Critical Role of Transient Activity of MT1-MMP for ECM Degradation in Invadopodia

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Abstract

Focal degradation of extracellular matrix (ECM) is the first step in the invasion of cancer cells. MT1-MMP is a potent membrane proteinase employed by aggressive cancer cells. In our previous study, we reported that MT1-MMP was preferentially located at membrane protrusions called invadopodia, where MT1-MMP underwent quick turnover. Our computer simulation and experiments showed that this quick turnover was essential for the degradation of ECM at invadopodia (Hoshino, D., et al., (2012) PLoS Comp. Biol., 8: e1002479). Here we report on characterization and analysis of the ECM-degrading activity of MT1-MMP, aiming at elucidating a possible reason for its repetitive insertion in the ECM degradation. First, in our computational model, we found a very narrow transient peak in the activity of MT1-MMP followed by steady state activity. This transient activity was due to the inhibition by TIMP-2, and the steady state activity of MT1-MMP decreased dramatically at higher TIMP-2 concentrations. Second, we evaluated the role of the narrow transient activity in the ECM degradation. When the transient activity was forcibly suppressed in computer simulations, the ECM degradation was heavily suppressed, indicating the essential role of this transient peak in the ECM degradation. Third, we compared continuous and pulsatile turnover of MT1-MMP in the ECM degradation at invadopodia. The pulsatile insertion showed basically consistent results with the continuous insertion in the ECM degradation, and the ECM degrading efficacy depended heavily on the transient activity of MT1-MMP in both models. Unexpectedly, however, low-frequency/high-concentration insertion of MT1-MMP was more effective in ECM degradation than high-frequency/low-concentration pulsatile insertion even if the time-averaged amount of inserted MT1-MMP was the same. The present analysis and characterization of ECM degradation by MT1-MMP together with our previous report indicate a dynamic nature of MT1-MMP at invadopodia and the importance of its transient peak in the degradation of the ECM.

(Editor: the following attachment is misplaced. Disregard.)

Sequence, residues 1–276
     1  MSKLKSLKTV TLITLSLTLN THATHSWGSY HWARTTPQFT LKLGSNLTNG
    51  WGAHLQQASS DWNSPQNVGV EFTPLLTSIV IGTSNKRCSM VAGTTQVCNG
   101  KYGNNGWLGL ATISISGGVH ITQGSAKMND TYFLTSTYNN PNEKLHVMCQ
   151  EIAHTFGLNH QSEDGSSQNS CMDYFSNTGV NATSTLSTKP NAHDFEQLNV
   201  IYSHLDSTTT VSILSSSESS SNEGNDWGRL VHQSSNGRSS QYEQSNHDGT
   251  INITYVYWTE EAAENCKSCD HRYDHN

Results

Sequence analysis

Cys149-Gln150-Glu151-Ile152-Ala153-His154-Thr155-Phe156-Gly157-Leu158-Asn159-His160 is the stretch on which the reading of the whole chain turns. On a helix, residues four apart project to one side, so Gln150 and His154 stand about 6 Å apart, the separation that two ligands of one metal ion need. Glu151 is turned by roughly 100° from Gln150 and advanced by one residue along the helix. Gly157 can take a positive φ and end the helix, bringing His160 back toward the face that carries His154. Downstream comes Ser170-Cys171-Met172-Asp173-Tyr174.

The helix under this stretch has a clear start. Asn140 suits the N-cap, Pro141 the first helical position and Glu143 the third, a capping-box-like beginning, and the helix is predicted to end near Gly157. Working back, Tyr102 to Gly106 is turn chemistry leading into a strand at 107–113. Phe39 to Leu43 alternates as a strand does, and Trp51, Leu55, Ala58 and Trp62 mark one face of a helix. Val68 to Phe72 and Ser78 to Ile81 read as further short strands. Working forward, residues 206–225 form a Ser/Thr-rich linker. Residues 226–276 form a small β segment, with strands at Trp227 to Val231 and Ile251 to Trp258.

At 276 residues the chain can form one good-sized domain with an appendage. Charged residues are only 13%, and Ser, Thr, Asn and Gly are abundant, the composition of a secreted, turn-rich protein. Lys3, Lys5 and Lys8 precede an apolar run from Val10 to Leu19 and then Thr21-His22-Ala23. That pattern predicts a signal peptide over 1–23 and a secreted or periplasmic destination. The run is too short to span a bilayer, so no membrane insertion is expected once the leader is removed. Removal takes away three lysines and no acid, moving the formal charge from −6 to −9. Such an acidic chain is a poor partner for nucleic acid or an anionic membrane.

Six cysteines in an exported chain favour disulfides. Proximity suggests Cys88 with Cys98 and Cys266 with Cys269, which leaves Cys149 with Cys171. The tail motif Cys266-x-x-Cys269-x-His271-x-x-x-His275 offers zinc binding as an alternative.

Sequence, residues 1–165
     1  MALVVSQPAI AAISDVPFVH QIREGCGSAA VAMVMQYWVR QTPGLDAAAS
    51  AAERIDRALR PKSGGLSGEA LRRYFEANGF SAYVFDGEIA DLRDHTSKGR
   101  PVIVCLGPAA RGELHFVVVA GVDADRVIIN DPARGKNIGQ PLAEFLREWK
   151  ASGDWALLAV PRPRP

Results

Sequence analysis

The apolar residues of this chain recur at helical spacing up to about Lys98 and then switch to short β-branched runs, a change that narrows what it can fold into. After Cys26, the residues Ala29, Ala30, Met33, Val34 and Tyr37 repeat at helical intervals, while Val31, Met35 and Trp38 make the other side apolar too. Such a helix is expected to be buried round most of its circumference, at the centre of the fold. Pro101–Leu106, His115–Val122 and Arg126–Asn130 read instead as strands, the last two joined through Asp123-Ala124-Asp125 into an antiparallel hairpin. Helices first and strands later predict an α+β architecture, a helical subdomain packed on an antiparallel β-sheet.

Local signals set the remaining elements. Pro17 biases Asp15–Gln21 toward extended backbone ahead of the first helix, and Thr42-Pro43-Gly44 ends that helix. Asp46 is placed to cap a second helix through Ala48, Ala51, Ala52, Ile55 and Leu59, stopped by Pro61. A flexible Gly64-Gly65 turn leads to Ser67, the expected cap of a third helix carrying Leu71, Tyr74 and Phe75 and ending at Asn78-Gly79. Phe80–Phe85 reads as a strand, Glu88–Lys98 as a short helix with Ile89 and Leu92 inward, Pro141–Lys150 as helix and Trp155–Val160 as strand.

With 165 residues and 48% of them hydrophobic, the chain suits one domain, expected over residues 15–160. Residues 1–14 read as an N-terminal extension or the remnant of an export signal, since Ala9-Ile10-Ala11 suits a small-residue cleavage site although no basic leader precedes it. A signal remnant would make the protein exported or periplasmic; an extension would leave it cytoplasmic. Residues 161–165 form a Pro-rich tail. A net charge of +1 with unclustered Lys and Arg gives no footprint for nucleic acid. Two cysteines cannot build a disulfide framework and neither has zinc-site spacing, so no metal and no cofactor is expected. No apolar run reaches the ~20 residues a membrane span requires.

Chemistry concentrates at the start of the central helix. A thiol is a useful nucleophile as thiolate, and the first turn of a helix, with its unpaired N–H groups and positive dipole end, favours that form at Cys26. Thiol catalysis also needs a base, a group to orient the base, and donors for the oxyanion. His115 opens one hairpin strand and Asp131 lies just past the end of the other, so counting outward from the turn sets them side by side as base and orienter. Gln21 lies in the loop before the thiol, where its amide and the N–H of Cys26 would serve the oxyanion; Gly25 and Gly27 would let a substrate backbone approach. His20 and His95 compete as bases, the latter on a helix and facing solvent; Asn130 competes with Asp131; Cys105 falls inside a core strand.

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Watanabe, A., Hosino, D., Koshikawa, N., Seiki, M., Suzuki, T., & Ichikawa, K. (2013). Critical Role of Transient Activity of MT1-MMP for ECM Degradation in Invadopodia. PLoS Computational Biology, 9(5). https://doi.org/10.1371/journal.pcbi.1003086

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